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James O’Keefe’s New Gonzo Army

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O’Keefe’s Other Role
“It gives us satisfaction / When you take civil action / We’ll go out and attack them / Investigate and hit the ground.” —From “Landrieu Dance,” a music video for which he dressed as shown above  

O’Keefe looks at her a bit blankly. “Well I’m glad you’re … you’re utilizing social media.”

She nods vigorously. “We will be doing that.”

Another woman in another turtleneck shirt (yellow) raises her hand with another non-question. “A place to have a lot of fun is the Washington Post,” she informs the group gleefully. “You can go in there online and comment on all of their articles. And every now and again, I find things like ‘Obama’s living so high on the hog that he needs oxygen’ kind of thing, you know what I mean. I just try to stay to the facts.”

O’Keefe considers this. “I mean, I think that’s good, but you’re still reacting to an existing article. They control the narrative.”

“Well, what I point out is what’s wrong with the article.”

“I would prefer that you write an article, and the Washington Post points out what’s wrong with you. Think revolution for a second.”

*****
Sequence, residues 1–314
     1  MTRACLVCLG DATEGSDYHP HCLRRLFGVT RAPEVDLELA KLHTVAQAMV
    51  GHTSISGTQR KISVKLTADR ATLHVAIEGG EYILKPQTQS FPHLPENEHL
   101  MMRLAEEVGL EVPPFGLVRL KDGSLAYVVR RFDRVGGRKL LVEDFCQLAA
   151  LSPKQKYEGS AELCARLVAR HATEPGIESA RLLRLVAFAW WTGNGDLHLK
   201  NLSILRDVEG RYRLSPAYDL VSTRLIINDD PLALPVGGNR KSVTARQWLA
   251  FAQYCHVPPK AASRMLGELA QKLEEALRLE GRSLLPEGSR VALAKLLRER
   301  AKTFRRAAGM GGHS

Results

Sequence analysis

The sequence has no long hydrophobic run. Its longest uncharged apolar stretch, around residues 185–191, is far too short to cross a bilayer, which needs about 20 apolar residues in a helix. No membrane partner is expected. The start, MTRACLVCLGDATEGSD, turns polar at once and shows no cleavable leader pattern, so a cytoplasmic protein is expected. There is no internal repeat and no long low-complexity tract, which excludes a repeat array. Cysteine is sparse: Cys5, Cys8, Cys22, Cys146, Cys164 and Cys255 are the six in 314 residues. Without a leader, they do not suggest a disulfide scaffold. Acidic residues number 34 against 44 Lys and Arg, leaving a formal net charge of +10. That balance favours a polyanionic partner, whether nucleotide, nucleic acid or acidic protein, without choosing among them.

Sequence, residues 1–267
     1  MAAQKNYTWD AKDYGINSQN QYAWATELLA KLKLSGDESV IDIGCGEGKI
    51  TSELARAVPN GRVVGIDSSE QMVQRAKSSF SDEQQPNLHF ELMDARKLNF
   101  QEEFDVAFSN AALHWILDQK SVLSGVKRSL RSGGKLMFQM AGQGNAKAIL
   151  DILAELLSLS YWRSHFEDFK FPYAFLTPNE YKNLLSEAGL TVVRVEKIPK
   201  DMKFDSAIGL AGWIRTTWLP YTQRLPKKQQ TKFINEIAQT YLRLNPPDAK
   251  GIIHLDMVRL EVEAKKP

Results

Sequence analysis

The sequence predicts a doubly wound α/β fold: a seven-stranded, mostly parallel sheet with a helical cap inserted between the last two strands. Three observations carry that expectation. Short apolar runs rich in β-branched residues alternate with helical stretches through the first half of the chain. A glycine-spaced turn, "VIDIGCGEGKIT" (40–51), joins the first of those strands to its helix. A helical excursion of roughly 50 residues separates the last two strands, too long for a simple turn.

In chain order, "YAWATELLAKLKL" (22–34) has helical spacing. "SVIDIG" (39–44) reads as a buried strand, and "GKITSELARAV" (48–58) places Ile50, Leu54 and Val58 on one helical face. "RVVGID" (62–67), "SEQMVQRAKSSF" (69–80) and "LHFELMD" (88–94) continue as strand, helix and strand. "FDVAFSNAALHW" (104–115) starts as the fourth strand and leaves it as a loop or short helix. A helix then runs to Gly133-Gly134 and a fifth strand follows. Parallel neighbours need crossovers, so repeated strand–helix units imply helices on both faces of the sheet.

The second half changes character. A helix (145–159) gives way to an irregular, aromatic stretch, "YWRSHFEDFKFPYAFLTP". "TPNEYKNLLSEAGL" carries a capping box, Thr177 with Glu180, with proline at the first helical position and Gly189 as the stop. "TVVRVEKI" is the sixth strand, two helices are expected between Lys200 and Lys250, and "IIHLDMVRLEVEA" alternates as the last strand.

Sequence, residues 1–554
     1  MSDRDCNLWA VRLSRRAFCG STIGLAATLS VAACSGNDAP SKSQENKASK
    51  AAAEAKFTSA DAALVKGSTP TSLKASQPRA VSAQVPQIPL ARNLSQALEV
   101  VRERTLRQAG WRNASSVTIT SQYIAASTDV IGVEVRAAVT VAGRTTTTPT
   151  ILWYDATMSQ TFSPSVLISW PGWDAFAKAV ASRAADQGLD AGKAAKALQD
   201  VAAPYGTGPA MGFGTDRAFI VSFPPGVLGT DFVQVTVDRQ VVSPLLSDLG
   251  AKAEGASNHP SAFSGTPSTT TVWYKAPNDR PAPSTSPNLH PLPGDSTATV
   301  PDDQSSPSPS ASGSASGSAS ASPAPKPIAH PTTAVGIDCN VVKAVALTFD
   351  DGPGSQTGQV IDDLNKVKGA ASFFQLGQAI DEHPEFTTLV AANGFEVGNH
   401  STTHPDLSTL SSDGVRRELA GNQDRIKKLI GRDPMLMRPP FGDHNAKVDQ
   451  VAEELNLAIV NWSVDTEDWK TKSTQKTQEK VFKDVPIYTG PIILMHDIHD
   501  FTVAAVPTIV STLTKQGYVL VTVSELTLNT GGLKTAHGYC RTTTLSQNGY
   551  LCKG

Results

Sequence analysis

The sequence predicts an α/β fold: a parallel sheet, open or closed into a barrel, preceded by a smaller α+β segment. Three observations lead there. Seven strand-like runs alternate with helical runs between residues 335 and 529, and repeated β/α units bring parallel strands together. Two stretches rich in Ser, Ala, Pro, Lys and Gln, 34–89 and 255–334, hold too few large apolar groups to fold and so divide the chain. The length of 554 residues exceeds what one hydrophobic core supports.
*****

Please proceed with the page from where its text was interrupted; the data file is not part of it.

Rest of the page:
The woman does think for a second, maybe two. “But, you know, a lot of people read it, and I see people picking up on things that I have said. Somebody is listening.”

“I’m just—now I’m asking you to take it a step further,” O’Keefe tells her.

“Take it further?”

“Take it even further.”

After his presentation, O’Keefe can be found at a window near the back that looks out over his home state’s highways and warehouses. As a part of his three-year probation, he can't travel without permission from a judge, a U.S. attorney, and a probation officer, he says.* This makes it hard for him to round up his army of citizen watchdogs, though he tells me that, along with continuing to make his videos, it is “definitely one of the more important things that I do.” Not that the law is the only obstacle. “To be a disrupter, to go against the grain—the hardest part for me is just getting them to do that. They’re all 50-plus. They’re always older. Probably the most frustrating thing about what I do is that people who have lived through a lot can identify more, but once you have a family, a house, you’re entrenched.” He pauses. “People in their twenties are going to be more likely to make sacrifices, but they’re just not there yet.”


*This article has been updated to clarify the terms of O'Keefe's probation.


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